Start this step by firstly measuring the width of the timber and divide this number by three and this will give you the width of tail, mark this on the top.
Using the tail width, mark this as well as the depth on your chosen material for your template, making sure your lines are dead straight. Measure from the top of the timber down to your line and this will tell you how deep your tail will be.
Marks a square below the one you have just drawn on your template material below it using the depth of your line to stop. On the inside of this new sharp you will now calculate and mark a 20° inward-sweeping line either side to form the cheeks of your tail and then cut out your template and bend it to 90° on the line between both shapes.
Note: The 20° referred to above is a rough guide, it’s best to work with the principles stated above for sloping – 1 in 8 for hardwoods and 1 in 6 for softwoods.
Place the template on the centre marks on your timber and mark out your tail.
If you are cutting several tails into your timber, remember to leave space a pin at either end as this will help to strengthen the joint as typically these can be weak points.
Cutting out Dovetail Joint Tails
With all your cuts marked, now is the time to start cutting. Grip your timber tightly in a vice or Workmate in an upright position. If you are relatively new to carpentry you may find it easier to angle the timber slightly so that your sloped tail is straight, allowing you to better keep track of how straight your cut line is.
When it comes to cutting tools you have several choices. It’s probably best to use a tenon saw but you can use a coping saw or even a bandsaw or table saw if you have one.
Take your time cutting and check your progress regularly to make sure you are going in a straight line and also not cutting down too far. Also, make sure you cut the correct side of your line e.g. the tail side or waste side.
Once you have cut your first line move on to the second line so that your tail is now visible.
The final job is to flip the timber over 90° (both sides) and cut down the shoulders. Once this is done you should then be able to remove the waste timber and you will have a nicely formed tail.
How to Mark and Cut the Pin for a Dovetail Joints
If you have worked through the steps above to create your tail then marking out and cutting your pin should be a fairly simple process as you will have most of the measurements etc…. ready to go.
Start by holding the tail flat on the top of your pin timber and then use a pencil or marking knife to mark out the shape of the tail that you can then use to form your pin. Once marked go over your marks again using a tri-square to ensure that all lines are straight.
Measure the depth of the tail and transfer this measurement to the pin timber. Measure down from the top this exact measurement on the pin timber and mark either side. Join the marks using a pencil and tri-square so that you then have a straight line marking the depth of the pin. Transfer this line all the way around.
Mark a straight line down from your pin marks to the depth line on both sides and you will now have the cutting lines for your pin.
Now your lines are marked out you can start your cuts. Grip your timber upright in a Workmate or vice and cut down each pin line using a tenon saw. Again, make sure that you cut on the correct side of your line, either the pin side or waste side.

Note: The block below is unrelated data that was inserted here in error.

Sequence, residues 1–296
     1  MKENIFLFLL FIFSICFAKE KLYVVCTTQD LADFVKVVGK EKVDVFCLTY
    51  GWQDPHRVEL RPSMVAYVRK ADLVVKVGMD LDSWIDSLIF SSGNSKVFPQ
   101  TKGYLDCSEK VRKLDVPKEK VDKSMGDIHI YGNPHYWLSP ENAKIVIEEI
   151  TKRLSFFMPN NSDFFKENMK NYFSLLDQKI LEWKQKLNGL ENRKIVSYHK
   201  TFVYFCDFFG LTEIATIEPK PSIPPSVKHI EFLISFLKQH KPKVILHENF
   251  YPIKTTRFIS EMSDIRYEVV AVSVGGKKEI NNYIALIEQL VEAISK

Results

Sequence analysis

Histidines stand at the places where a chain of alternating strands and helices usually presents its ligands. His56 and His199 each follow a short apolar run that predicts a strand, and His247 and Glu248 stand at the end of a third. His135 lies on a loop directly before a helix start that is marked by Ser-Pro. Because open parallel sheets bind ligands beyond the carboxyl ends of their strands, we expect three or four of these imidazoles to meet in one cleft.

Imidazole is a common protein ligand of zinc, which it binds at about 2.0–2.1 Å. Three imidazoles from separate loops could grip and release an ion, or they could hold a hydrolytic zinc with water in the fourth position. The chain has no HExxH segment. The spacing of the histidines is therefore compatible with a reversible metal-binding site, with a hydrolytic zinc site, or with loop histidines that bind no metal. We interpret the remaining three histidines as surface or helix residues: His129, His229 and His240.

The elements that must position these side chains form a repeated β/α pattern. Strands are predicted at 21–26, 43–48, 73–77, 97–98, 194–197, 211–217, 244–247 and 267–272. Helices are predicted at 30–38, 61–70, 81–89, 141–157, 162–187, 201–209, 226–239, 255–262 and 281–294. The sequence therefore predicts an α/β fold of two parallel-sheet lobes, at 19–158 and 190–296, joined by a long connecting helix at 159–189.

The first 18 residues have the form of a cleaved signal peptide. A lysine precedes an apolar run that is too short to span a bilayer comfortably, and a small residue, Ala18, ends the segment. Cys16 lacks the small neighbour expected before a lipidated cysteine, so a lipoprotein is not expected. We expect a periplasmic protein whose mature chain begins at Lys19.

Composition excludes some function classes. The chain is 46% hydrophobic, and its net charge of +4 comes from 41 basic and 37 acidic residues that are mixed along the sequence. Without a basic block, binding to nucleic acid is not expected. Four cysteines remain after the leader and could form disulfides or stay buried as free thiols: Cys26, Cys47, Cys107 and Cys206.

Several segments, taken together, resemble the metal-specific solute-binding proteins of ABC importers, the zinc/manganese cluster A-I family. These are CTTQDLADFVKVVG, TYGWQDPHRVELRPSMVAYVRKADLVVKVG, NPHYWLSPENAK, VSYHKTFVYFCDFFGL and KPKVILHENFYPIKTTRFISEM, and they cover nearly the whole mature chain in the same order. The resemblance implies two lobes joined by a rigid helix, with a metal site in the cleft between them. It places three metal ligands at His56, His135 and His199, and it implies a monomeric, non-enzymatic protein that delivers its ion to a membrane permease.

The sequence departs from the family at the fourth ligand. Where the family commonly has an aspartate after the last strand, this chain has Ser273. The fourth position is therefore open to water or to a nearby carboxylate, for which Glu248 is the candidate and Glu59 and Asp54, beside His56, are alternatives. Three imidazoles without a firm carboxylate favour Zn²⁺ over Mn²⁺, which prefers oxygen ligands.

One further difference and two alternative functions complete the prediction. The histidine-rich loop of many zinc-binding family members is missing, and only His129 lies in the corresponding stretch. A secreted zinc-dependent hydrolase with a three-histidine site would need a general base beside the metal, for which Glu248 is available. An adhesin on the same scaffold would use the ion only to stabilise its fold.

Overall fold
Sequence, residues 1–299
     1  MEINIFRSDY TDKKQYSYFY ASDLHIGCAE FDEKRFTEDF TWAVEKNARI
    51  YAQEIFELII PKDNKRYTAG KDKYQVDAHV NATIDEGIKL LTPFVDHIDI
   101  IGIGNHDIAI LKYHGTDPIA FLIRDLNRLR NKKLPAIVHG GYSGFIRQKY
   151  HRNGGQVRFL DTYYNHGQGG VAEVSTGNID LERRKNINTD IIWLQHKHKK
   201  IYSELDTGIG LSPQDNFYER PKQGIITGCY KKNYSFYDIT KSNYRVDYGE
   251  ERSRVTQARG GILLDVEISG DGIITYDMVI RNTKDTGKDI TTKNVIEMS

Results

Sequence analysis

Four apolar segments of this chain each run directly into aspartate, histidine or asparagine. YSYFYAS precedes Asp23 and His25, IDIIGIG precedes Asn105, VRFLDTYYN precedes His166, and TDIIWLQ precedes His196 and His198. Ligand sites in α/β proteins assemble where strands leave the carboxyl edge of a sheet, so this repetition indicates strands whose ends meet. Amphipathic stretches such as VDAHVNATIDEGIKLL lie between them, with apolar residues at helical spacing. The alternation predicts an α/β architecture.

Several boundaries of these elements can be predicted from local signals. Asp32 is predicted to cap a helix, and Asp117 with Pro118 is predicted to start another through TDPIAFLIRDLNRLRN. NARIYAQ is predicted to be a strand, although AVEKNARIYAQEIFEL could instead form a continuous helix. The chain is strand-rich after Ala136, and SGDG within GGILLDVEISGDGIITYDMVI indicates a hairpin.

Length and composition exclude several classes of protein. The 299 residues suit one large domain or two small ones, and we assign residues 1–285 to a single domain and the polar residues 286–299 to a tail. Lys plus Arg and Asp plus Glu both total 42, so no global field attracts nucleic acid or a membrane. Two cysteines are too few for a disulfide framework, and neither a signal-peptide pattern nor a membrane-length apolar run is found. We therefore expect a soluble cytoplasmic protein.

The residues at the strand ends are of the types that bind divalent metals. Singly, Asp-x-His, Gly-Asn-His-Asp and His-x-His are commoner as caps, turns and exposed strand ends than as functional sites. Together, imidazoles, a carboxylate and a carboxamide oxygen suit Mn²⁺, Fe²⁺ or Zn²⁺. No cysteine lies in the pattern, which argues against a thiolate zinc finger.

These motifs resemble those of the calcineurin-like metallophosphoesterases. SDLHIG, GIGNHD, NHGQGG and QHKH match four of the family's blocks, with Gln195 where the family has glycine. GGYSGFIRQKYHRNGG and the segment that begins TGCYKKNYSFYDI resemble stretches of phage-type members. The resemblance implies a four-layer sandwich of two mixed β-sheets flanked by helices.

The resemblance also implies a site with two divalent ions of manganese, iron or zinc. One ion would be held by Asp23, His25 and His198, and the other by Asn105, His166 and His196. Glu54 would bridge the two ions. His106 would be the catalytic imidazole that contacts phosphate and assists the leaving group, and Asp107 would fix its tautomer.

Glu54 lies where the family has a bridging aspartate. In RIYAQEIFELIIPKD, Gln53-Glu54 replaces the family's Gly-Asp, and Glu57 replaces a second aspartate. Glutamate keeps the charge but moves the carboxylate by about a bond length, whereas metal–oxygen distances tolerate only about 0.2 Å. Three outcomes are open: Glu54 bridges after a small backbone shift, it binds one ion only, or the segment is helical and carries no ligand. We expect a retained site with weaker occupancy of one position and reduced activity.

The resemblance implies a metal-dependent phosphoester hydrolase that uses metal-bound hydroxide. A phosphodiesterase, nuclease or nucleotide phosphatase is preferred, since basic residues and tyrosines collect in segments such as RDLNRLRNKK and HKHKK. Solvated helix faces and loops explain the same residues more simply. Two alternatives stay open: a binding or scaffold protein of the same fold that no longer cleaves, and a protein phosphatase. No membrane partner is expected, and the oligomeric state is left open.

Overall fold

The tricky part with this stage is cutting along the base of the waste section so that it can be removed. The best tool to use for this is a coping saw as the blade is so thin, you can turn it as you cut, allowing you to cut along the base.
Due to the tricky cut, it is inevitable that you will have a few areas that will need tidying up. Grip your timber upright in a vice and using a sharp chisel, tidy up any edges that need it.
One thing you have to do during your tidying up is to do regular test fits to ensure that you are not removing more than you need to.
Fitting Your Dovetail Joint Together
With all cuts made you should now have both your tail and pin ready for fitting. When slotting the two pieces together you might find that they are pretty tight and if you have made your cuts accurately this will certainly be the case, but if they are so tight that the joint won’t go together then you will need to make a few adjustments.
While pushing the joint together, make a mental note of the points that go tight. If you can visually see raised areas or humps then this is a good indicator also.
To remove any proud areas causing the sticking, lay your piece of timber on a flat surface with the offending area easily accessible. Using a sharp bevel edge chisel, hold the tip flat against the surface you are working on and gentle push down. If your chisel is as sharp as possible, you should be able to remove very thin slivers of timber.
As we have stated above, only remove a very small amount of material at a time and once you have done so, refit the joints together to check the fit as once you have taken off too much material, that’s it, you can’t put it back on again!
If you have any rough edges or surfaces, use some very fine sandpaper to tidy them up, 320 – 400 grit should be suitable.
With all your adjustments made you should now have a nice fitting joint, not too tight but not too slack either. Apply some suitable wood glue to the internal faces and push the joint together and clamp it up tight using suitable clamps until the glue has dried.
Want to know About Other Timber Joints?
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All project content written and produced by Mike Edwards